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Friday 01 June 2001

Oropharyngeal candidiasis in patients with human immunodeficiency virus: correlation of clinical outcome with in vitro resistance, serum azole levels, and immunosuppression.

By: Walmsley S, King S, McGeer A, Ye Y, Richardson S.

Clin Infect Dis 2001 Jun 1;32(11):1554-61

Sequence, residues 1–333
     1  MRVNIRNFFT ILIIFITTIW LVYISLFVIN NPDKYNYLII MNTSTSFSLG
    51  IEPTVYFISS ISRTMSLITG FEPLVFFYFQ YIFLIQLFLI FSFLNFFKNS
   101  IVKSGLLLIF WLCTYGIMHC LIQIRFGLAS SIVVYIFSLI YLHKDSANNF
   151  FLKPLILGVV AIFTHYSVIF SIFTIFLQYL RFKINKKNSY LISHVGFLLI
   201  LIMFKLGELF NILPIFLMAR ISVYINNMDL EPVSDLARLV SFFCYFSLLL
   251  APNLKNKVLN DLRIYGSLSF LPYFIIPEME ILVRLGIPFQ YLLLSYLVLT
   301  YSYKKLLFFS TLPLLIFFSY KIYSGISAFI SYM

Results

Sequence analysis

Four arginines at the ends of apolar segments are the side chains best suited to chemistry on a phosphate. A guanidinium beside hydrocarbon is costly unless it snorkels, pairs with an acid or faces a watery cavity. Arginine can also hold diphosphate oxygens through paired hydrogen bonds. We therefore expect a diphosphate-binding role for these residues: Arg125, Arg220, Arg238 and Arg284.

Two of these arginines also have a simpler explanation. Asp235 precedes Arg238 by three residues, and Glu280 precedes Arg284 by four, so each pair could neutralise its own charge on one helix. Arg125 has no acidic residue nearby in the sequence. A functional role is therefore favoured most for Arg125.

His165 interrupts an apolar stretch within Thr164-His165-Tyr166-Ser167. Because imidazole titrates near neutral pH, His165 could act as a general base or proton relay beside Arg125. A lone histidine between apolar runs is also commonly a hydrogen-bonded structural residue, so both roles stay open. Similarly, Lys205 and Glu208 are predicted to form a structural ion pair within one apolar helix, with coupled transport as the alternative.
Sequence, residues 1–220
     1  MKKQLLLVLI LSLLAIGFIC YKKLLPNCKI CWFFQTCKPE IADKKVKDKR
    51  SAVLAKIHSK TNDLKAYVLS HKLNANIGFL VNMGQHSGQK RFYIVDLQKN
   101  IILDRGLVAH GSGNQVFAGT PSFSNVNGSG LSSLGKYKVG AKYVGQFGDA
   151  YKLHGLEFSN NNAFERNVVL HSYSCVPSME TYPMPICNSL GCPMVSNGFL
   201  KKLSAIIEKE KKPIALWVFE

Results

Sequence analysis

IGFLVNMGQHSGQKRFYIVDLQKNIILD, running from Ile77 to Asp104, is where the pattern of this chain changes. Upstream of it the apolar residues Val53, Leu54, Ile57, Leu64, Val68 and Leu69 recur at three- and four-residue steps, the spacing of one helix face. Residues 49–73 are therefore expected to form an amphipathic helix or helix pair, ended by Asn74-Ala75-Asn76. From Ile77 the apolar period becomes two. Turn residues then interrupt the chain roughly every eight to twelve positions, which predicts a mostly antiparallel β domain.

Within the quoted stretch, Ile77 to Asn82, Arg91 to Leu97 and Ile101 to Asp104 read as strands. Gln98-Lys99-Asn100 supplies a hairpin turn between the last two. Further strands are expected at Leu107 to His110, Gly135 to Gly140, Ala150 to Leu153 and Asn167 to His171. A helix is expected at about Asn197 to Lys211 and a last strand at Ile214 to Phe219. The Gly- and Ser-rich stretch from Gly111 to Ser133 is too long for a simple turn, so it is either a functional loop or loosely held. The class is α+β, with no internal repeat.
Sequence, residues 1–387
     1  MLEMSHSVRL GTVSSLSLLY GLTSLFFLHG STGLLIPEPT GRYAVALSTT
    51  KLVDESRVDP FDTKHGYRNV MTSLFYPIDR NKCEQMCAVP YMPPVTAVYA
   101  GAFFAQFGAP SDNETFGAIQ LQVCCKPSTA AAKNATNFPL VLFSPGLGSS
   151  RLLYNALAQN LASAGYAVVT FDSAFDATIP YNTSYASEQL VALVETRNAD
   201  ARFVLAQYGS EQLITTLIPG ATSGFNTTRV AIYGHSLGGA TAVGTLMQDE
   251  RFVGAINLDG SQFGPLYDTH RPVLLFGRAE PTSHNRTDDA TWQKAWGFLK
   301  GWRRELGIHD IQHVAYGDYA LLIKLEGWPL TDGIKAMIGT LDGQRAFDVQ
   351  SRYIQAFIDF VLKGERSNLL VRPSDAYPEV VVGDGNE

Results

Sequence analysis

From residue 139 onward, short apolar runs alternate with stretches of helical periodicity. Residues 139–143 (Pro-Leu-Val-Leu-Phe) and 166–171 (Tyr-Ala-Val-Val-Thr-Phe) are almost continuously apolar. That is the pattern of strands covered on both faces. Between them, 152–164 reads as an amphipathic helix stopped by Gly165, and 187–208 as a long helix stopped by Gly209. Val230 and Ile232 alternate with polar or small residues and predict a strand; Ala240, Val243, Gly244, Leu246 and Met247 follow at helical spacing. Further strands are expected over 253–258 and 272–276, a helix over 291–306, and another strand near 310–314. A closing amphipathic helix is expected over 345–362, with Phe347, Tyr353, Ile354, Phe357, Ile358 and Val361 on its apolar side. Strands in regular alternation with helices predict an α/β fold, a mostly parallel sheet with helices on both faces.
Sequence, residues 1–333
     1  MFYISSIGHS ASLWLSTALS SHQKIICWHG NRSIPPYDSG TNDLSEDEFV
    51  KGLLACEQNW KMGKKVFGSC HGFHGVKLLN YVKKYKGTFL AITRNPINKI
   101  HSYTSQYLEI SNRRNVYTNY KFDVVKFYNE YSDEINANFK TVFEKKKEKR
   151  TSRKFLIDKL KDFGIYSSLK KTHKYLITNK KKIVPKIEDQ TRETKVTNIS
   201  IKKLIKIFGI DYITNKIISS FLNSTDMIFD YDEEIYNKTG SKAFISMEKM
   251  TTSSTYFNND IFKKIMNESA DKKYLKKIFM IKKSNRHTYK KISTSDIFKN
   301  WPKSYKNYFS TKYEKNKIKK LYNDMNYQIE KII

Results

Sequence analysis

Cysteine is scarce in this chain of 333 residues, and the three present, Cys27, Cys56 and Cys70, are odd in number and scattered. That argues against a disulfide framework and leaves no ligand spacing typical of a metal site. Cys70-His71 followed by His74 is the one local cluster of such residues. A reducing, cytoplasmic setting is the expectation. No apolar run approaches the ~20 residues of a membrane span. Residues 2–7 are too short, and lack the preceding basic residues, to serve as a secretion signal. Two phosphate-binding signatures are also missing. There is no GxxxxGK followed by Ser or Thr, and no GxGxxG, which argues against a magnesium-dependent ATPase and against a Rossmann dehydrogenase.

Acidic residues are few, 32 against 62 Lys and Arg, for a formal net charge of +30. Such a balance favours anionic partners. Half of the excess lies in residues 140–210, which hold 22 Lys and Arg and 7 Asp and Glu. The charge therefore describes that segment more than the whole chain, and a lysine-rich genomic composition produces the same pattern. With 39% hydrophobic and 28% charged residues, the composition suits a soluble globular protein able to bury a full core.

Azole-resistant thrush has emerged as a problem in people who are infected with human immunodeficiency virus (HIV) or acquired immunodeficiency syndrome (AIDS), especially those who have low CD4 cell counts who have had a previous relapse of oral candidiasis, and in those who require long-term suppressive antifungal therapy. Because of the development of a standardized methodology for antifungal susceptibility testing and interpretive criteria for resistance testing, studies of the clinical predictive value of in vitro results are possible. In this study, 61% of organisms isolated from patients who were receiving azole therapy and who had clinically resistant thrush had minimal inhibitory concentration values that would classify the isolate as "resistant" or "susceptible dose dependent." In contrast, 86% of isolates from patients with thrush that was clinically responsive to an azole were classified in vitro as "susceptible" or "susceptible dose dependent." No resistant isolates were detected in samples obtained from asymptomatic control patients who were not exposed to azole drugs. Serum levels of azole and CD4 cell counts were also important parameters with regard to prediction of response. We conclude that in vivo and in vitro correlations compare favorably to studies of susceptibility testing in bacteria.

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